US Open to Meeting With Taliban 07/17 06:21
WASHINGTON (AP) -- The United States is open to holding direct talks with
the Taliban to encourage negotiations between the militant group and the Afghan
government to end 17 years of war, U.S. officials said.
That marks a tactical shift by the Trump administration, which has
previously only appeared willing to participate in discussions with the Taliban
if those talks also involve the Afghan government. The U.S. officials said
Monday that Afghan-to-Afghan negotiation remains the goal of any engagement
with the militants.
The officials were not authorized to speak to media and requested anonymity.
The Taliban have long refused direct talks with the Afghan government,
demanding instead to negotiate with Washington. The militants have persisted in
that stance despite Afghan President Ashraf Ghani's unilateral extension of a
holiday cease-fire last month in hopes of encouraging the militants to come to
the bargaining table. With the Taliban continuing to mount deadly attacks,
Ghani ordered government forces to resume military operations this month.
The unprecedented, three-day cease-fire by both sides had offered a rare
glimpse of peace for Afghans during which militants fraternized with security
A Taliban official in the small Gulf Arab nation of Qatar told The
Associated Press on Monday that no American official or intermediary has been
in touch with them to start direct talks, and it had only heard of it in the
media. The administration's willingness to hold direct talks with the Taliban
was first reported by The New York Times on Sunday.
The Taliban official, who also spoke on condition of anonymity because he
was authorized to speak to journalists, said, "We wait for them to officially
inform us." But he added that if the U.S. is interested in talks, it should
take steps to get Taliban leaders off a sanctions blacklist and support the
formal opening of the Taliban office in Qatar where its political
representatives reside. The official reiterated the Taliban's call for the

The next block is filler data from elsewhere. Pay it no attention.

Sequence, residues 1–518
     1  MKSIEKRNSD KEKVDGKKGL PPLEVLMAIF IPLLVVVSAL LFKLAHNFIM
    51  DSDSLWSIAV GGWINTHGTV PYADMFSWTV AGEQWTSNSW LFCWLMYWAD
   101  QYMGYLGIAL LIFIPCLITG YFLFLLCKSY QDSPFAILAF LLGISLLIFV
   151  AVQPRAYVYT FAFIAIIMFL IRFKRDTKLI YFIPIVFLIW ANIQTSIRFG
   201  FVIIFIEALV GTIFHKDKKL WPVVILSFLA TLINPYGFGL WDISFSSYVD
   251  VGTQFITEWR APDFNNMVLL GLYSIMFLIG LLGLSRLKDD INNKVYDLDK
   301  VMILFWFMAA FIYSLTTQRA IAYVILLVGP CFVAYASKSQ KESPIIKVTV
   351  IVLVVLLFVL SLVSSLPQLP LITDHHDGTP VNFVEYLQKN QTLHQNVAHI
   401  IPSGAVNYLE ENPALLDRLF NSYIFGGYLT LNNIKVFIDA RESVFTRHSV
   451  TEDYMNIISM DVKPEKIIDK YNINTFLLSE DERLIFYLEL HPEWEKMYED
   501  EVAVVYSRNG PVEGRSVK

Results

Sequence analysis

withdrawal of foreign troops from Afghanistan.
Asked if the U.S. was willing to hold direct talks with the Taliban, the
State Department said Monday, the United States "is exploring all avenues to
advance a peace process in close consultation with the Afghan government."
The department added that "any negotiations over the political future of
Afghanistan will be between the Taliban and Afghan government."
Last August, President Donald Trump launched an Afghanistan strategy that
centered on boosting the capabilities of Afghan security forces and aiming ---
with help from Pakistan and other interested nations --- to compel the
militants to negotiate. Secretary of State Mike Pompeo visited Afghanistan last
week to reinforce its support for talks.
"The United States will support, facilitate, and participate in these peace
discussions, but peace must be decided by the Afghans and settled among them.
We expect that these peace talks will include a discussion of the role of
international actors and forces," Pompeo said after meeting Ghani in Kabul on
The U.S. invaded Afghanistan following the Sept. 11, 2001, terror attacks,
and ousted the Taliban government that had hosted al-Qaida. It has about 15,000
troops in Afghanistan, mostly for training government forces.
The conflict appears stalemated, with insurgents controlling or contesting
more than 40 percent of the country. The U.N. mission in Afghanistan said
Sunday that 1,692 civilians were killed in violence in the first six months of
this year, the highest six-month death toll since the systematic documentation
of civilian casualties started in 2009.